Sea Technology

MAR 2017

The industry's recognized authority for design, engineering and application of equipment and services in the global ocean community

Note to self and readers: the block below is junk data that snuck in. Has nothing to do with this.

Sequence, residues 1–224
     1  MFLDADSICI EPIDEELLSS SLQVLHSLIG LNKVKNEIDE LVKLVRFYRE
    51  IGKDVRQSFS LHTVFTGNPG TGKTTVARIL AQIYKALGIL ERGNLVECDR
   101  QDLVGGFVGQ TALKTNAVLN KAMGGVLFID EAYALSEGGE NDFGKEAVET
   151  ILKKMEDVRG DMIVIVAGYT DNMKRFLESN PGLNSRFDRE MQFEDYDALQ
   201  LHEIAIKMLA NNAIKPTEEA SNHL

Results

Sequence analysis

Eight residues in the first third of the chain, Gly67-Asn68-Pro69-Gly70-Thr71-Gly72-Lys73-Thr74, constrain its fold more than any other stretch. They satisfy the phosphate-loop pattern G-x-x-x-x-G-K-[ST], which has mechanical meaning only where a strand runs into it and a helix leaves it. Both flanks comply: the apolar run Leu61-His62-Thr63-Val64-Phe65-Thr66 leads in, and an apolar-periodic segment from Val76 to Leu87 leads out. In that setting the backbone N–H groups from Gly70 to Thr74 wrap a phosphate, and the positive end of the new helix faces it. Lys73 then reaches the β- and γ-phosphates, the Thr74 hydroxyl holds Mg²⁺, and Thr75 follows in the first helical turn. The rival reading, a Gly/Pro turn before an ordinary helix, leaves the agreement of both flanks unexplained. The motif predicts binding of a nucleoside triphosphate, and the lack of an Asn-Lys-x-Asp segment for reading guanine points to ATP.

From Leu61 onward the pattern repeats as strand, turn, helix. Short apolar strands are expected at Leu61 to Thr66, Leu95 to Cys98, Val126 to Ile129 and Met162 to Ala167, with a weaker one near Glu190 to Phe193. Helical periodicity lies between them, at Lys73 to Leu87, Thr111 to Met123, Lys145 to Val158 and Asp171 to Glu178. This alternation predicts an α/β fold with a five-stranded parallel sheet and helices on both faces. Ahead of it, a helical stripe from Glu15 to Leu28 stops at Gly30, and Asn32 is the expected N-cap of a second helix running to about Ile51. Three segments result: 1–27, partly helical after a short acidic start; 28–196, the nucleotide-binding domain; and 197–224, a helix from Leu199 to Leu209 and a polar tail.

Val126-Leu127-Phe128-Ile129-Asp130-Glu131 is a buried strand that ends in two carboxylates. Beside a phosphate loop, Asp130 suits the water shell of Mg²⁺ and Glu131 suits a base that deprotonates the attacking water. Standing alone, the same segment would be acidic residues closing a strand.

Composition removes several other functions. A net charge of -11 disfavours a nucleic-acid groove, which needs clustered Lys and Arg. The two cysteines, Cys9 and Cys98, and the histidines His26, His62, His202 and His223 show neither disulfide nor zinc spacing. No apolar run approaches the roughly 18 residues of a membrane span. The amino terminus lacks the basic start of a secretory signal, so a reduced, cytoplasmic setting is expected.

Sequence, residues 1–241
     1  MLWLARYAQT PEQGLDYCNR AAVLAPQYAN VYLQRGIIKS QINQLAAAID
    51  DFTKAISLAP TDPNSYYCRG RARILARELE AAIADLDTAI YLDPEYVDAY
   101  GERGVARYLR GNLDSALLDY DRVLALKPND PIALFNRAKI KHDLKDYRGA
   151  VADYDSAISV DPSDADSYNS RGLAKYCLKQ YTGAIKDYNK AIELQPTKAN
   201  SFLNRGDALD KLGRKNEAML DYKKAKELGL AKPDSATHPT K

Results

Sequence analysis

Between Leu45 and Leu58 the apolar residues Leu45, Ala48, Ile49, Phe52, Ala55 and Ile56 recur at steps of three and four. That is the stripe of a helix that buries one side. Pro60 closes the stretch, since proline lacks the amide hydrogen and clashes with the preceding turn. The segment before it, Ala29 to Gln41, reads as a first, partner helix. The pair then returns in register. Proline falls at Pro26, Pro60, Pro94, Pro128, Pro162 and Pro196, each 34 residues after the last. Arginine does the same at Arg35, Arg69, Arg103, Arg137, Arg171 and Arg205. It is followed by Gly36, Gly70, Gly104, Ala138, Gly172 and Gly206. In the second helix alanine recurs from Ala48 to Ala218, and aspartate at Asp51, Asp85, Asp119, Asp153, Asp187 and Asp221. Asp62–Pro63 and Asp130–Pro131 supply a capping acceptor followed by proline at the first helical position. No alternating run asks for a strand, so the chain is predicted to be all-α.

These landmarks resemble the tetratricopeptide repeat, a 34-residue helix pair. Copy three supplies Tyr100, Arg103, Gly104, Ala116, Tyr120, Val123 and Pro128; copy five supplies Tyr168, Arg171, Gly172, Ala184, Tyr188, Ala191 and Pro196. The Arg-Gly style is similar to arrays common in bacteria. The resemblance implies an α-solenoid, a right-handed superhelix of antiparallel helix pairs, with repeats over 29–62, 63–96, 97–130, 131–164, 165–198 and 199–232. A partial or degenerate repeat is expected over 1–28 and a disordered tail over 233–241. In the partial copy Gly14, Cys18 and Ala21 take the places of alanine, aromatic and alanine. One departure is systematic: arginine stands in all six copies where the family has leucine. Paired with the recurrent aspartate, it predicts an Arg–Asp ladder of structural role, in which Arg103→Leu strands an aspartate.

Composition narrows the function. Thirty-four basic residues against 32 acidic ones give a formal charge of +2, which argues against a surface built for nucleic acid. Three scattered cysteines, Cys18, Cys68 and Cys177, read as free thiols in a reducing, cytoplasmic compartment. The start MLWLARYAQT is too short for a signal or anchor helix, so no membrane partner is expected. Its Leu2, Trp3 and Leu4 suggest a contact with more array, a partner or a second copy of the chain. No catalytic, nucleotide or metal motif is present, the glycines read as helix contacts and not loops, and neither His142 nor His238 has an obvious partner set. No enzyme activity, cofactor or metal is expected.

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20 st / March 2017 but we believe that a test bed currently planned for the U.S.A. will help illuminate the poten- tial for this capability and could provide benets for the rapid detection, communication and resolution of charting discrepan- cies. IENC Background In 1993, the MV Mauvilla, a towboat pushing six barges, got lost in the fog and collided with a railroad bridge on the Big Bayou Canot near Mobile, Ala- bama, causing the bridge to become misaligned by approximately 3 ft. Eight minutes later, the Amtrak Sunset Lim- ited passenger train derailed on the bridge and plunged into the waterway, killing 47 people and injuring 103 others. The proximate cause of the accident was found to be that the towboat did not have nautical charts on board, and due to the foggy con- ditions, the pilot, without realizing it, turned into the Big Bayou Canot, an area where barges are prohibited. As a result of its investigation of the accident, the Na- tional Transportation Safety Board (NTSB) recommended that the U.S. Army Corps of Engineers (USACE): "Promote, in cooperation with the U.S. Coast Guard, the development and application of low-cost electronic charting navigation devices for inland rivers." As a follow-up, Congress directed the U.S. Army Corps of Engineers to develop IENC to cover the Mississippi River and its tributaries. Since 2002, USACE has produced 107 IENC cells covering more than 7,200 mi. on 20 different rivers. Electronic chart coverage exists for approximately 98 percent of all commercially navigable inland waterways. All charts are presently produced to the IENC 2.3 Product Specication and are updated and maintained on a monthly basis. T he Automatic Identication Sys- tem (AIS) has been mandated for carriage aboard certain vessels and in voluntary use aboard many other vessels around the world for more than 10 years. In that time, it has been proven to be an invalu- able source of information for its intended purposes—ship-to-ship collision avoidance, use in vessel trafc services (VTS), and as a tool for coastal states to monitor vessel trafc in and adjacent to their waters. These benets of AIS have come primarily from the standard messages trans- mitted by vessels—e.g., their location, course and speed—that are part of the AIS standard. However, additional advances have been made in the development and use of other AIS mes- sages—called application-specic messages (ASM)—that allow for communication of a wide variety of additional information via AIS. These developments have been aimed at communicating navigational information from shore to ships, such as weather observations, waterway status, and information on hazards and other navigationally signicant information. In addition, it is possible for information collected by vessels to be transmitted to other vessels that may benet from it, as well as to shore authorities who can act upon it. The potential exists for the use of AIS capabilities to transmit information on discrepancies in an inland electronic navi- gational chart (IENC). The discrepancy information would be noted using the vessel's electronic charting system (ECS), encapsulated in a dened AIS ASM, transmitted by the ves- sel's AIS transceiver, received by shore-side AIS receiving stations and delivered to the appropriate charting authority for action. There are a variety of technical, policy and procedural is- sues that need to be investigated, examined and addressed, Improving Navigation Safety with Better Charts Prototyping AIS for Ship Reporting of ENC Discrepancies #Z%FOJTF-B%VFt#SJBO5FUSFBVMU Overview of the shore-based AIS service.

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